I've got two ways of fetching a bunch of data. The data is stored in a sorted
vector<map<string, int> >.
I want to identify whether there are inconsistencies between the two vectors.
What I'm currently doing (pseudo-code):
for i in 0... min(length(vector1), length(vector2)): for (k, v) in vector1[i]: if v != vector2[i][k]: // report that k is bad for index i, // with vector1 having v, vector2 having vector2[i][k] for i in 0... min(length(vector1), length(vector2)): for (k, v) in vector2[i]: if v != vector1[i][k]: // report that k is bad for index i, // with vector2 having v, vector1 having vector1[i][k]
This works in general, but breaks horribly if
a, b, c, d and
a, b, b1, c, d (it reports brokenness for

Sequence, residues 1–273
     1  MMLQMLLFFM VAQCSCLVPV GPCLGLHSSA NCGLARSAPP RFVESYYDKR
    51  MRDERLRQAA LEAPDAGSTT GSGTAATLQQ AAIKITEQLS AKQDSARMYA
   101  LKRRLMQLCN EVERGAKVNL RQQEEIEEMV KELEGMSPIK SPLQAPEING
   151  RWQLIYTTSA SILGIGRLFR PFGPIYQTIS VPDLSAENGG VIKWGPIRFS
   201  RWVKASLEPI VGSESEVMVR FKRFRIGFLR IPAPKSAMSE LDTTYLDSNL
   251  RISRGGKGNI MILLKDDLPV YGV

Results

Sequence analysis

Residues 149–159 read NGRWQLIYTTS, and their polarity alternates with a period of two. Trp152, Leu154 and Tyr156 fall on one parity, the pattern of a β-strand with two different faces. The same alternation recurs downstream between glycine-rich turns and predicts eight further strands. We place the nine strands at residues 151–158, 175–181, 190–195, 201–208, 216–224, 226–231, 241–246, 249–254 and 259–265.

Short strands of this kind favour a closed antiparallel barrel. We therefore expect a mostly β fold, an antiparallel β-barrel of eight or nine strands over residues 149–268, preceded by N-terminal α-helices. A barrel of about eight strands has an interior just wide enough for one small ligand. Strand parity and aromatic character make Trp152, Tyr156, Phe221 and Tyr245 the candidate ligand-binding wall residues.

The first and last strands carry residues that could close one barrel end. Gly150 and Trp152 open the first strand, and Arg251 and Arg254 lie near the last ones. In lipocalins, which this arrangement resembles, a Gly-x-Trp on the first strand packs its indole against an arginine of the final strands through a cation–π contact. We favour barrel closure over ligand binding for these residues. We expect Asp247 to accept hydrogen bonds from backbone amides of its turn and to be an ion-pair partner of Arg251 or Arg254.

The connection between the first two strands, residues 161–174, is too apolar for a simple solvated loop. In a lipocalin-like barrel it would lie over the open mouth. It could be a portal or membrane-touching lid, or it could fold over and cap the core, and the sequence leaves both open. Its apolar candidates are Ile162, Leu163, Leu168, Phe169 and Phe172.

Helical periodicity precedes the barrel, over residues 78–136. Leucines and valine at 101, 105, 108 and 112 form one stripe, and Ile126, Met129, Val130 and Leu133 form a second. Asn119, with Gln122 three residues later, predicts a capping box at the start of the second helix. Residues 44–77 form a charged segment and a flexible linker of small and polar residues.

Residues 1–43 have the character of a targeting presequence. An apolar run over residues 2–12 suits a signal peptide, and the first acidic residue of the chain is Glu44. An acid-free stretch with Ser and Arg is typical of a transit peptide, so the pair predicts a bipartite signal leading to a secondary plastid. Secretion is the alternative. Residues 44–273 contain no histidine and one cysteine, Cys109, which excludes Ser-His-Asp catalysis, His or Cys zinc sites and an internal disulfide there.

d). I'm after an algorithm that tells me that there's an extra entry in
vector2 compared to
I think I want to do something where when I encountered mismatches entries, I look at the next entries in the second vector, and if a match is found before the end of the second vector, store the index
i of the entry found in the second vector, and move to matching the next entry in the first vector, beginning with
Is there a neater way of doing this? Some standard algorithm that I've not come across?
I'm working in C++, so C++ solutions are welcome, but solutions in any language or pseudo-code would also be great.
Given the arbitrary map objects:
I want an algorithm that tells me either:
bat index 1 of
vector2's c != vector1's d.
or (I'd view this as an effectively equivalent outcome)
vector1's b != vector2's cand extra
dat index 2 of
I ended up using
std::set_difference, and then doing some matching on the diffs from both sets to work out which entries were similar but different, and which had entries completely absent from the other vector.